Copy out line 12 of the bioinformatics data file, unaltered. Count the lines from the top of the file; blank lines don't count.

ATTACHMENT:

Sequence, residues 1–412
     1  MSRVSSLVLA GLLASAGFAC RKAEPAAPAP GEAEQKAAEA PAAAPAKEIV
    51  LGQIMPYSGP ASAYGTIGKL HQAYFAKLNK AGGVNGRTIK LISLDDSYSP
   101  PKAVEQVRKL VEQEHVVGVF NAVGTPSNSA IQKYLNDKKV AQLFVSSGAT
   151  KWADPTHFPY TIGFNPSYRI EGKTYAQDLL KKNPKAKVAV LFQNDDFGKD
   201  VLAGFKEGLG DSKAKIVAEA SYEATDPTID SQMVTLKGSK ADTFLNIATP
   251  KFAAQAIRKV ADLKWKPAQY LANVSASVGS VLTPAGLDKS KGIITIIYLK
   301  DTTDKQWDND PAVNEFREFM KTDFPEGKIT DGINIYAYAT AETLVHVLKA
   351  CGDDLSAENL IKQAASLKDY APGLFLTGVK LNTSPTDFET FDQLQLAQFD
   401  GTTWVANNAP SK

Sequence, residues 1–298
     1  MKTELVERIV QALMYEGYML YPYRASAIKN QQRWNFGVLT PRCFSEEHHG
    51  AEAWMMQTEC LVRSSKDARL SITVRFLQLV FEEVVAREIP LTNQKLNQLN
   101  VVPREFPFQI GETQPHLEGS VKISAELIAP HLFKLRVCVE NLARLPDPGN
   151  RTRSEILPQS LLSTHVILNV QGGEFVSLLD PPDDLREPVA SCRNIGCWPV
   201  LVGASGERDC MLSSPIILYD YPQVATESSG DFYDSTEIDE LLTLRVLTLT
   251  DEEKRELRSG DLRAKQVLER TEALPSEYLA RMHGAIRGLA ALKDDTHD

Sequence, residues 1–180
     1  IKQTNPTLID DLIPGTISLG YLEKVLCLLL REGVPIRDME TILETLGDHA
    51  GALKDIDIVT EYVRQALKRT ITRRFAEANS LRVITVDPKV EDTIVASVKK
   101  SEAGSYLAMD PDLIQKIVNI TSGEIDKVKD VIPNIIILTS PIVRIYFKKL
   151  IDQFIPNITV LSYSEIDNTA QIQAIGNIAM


     1  MKTELVERIV QALMYEGYML YPYRASAIKN QQRWNFGVLT PRCFSEEHHG